Human Memory and Amnesia

Human Memory and Amnesia

Human Memory and Amnesia

Human Memory and Amnesia

Excerpt

For anyone who has ever attempted to document the relationship between normal memory processing and the amnesic syndrome, the lack of communication existing between investigators encamped within these two disciplines becomes immediately apparent. Even to the most casual of observers, it becomes obvious that this lack of attention to one another's advances has resulted in more than occasional duplication of effort. In fact, the histories of research on normal memory and on the amnesic syndrome have existed in parallel in the United States (less so in England) with little to no interaction.

One area that has commanded the most duplicative interest has involved the question of whether long-term memory and short-term memory truly represent independent storage systems or are simply points on a continuum. Although theorists of both normal memory and of amnesia have had to wrestle with this question, the only time that there has been cross-area utilization of research findings has been when one's results fit easily into a particular model. This lends credence to individual hypotheses, but it also leads to a certain unwillingness to recognize that both areas of investigation have been wrestling simultaneously with the same question and that neither has the solution.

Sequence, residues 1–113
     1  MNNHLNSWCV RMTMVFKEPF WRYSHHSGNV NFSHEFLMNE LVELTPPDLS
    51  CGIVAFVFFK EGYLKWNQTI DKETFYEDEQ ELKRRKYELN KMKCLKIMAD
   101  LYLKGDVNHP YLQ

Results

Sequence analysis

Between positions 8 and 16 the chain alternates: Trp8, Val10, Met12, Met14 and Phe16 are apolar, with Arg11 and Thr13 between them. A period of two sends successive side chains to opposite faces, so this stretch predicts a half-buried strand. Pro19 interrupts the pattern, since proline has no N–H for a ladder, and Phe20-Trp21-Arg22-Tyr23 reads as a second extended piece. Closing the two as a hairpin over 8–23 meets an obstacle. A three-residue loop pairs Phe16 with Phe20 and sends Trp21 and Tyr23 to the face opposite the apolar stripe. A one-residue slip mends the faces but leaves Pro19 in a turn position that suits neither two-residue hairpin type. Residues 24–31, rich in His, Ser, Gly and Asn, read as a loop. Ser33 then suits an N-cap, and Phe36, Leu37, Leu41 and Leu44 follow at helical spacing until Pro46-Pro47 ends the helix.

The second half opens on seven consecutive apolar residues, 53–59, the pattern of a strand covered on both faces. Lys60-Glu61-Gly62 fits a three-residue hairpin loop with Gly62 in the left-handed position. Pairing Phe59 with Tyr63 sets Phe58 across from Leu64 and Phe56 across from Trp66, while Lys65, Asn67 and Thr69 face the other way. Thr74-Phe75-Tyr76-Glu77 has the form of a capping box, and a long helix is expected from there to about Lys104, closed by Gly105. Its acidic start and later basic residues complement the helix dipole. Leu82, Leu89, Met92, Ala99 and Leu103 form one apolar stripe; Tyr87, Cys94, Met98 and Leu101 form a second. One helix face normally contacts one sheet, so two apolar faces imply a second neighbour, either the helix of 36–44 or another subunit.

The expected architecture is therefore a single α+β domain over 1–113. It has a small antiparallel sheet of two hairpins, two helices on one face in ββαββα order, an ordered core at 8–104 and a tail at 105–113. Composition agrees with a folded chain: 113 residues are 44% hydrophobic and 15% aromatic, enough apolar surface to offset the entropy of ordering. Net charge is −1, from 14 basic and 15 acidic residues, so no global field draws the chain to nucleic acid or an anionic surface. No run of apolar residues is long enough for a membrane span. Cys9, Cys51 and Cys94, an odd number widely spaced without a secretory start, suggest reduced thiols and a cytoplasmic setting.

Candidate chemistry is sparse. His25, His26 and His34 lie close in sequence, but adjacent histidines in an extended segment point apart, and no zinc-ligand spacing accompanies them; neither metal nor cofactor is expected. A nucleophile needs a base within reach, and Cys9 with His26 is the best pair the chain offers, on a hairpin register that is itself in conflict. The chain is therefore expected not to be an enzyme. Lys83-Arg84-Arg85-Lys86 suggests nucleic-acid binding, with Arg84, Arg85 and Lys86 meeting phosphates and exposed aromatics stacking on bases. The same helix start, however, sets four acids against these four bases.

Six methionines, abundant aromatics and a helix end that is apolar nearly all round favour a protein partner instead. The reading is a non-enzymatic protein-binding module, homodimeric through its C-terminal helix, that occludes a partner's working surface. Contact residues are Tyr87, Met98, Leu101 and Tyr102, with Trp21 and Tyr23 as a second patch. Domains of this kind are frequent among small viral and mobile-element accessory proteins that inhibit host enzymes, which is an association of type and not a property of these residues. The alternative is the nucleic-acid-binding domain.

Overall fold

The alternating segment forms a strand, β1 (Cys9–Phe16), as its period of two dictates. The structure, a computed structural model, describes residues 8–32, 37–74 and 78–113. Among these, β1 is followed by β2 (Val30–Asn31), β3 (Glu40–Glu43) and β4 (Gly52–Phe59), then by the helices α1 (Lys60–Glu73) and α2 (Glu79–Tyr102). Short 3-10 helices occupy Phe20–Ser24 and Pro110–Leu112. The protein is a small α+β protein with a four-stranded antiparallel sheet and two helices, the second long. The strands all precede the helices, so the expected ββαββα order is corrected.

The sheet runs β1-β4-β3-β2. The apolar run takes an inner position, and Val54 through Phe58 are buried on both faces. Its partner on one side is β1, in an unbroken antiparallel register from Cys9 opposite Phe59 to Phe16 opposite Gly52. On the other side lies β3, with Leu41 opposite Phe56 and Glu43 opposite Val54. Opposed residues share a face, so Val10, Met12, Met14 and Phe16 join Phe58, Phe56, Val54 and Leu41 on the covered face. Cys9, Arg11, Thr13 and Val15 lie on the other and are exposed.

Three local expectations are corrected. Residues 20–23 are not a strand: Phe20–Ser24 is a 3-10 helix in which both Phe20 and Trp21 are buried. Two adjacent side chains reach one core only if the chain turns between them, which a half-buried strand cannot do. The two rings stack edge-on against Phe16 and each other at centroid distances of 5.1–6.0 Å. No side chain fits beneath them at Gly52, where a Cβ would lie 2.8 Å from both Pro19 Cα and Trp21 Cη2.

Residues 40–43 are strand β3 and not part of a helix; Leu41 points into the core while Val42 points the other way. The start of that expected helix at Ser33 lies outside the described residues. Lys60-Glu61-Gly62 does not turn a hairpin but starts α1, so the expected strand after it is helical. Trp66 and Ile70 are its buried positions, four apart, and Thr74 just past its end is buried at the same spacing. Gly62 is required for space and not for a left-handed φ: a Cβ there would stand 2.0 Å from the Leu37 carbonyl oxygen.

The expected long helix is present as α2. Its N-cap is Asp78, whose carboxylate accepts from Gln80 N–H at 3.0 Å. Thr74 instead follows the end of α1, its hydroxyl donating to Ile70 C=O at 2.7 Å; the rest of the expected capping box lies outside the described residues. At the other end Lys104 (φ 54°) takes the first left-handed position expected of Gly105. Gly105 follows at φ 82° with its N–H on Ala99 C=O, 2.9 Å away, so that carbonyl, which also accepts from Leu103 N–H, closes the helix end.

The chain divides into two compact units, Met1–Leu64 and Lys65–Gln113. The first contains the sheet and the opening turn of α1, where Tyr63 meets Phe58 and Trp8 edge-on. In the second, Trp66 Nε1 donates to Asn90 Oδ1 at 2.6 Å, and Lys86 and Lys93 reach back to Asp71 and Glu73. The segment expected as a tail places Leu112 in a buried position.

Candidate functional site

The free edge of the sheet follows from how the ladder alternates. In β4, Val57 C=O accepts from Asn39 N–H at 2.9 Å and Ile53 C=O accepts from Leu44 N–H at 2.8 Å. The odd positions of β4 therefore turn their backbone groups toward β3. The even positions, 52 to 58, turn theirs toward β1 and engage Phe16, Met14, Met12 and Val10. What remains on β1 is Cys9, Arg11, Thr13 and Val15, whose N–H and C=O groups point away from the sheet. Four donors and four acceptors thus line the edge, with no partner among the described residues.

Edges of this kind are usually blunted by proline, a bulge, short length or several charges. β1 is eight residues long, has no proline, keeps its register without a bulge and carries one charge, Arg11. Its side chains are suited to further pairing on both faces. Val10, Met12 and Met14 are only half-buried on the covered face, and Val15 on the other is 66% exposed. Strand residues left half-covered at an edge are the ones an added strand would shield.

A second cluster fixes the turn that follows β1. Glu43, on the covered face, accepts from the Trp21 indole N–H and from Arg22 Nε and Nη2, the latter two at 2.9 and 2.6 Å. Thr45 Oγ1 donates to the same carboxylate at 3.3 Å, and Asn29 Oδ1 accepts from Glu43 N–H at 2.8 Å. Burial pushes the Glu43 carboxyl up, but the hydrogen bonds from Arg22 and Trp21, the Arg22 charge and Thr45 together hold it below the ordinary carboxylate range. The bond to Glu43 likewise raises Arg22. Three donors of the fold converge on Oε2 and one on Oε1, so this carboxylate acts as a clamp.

Another area of parallel research concerns the many attempts to determine the primary locus of variables influencing the rate at which information is lost during retention. Some theorists of both normal and amnesic memory processes have placed these variables in the encoding (acquisition) stage of information processing ; others have emphasized the associative (i.e., storage) stage, and still others have concentrated on the retrieval stage. A related concern has centered around attempts to document the most effective type of cues that can be introduced during the retrieval stage. Some have felt that those cues that reestablish the . . .

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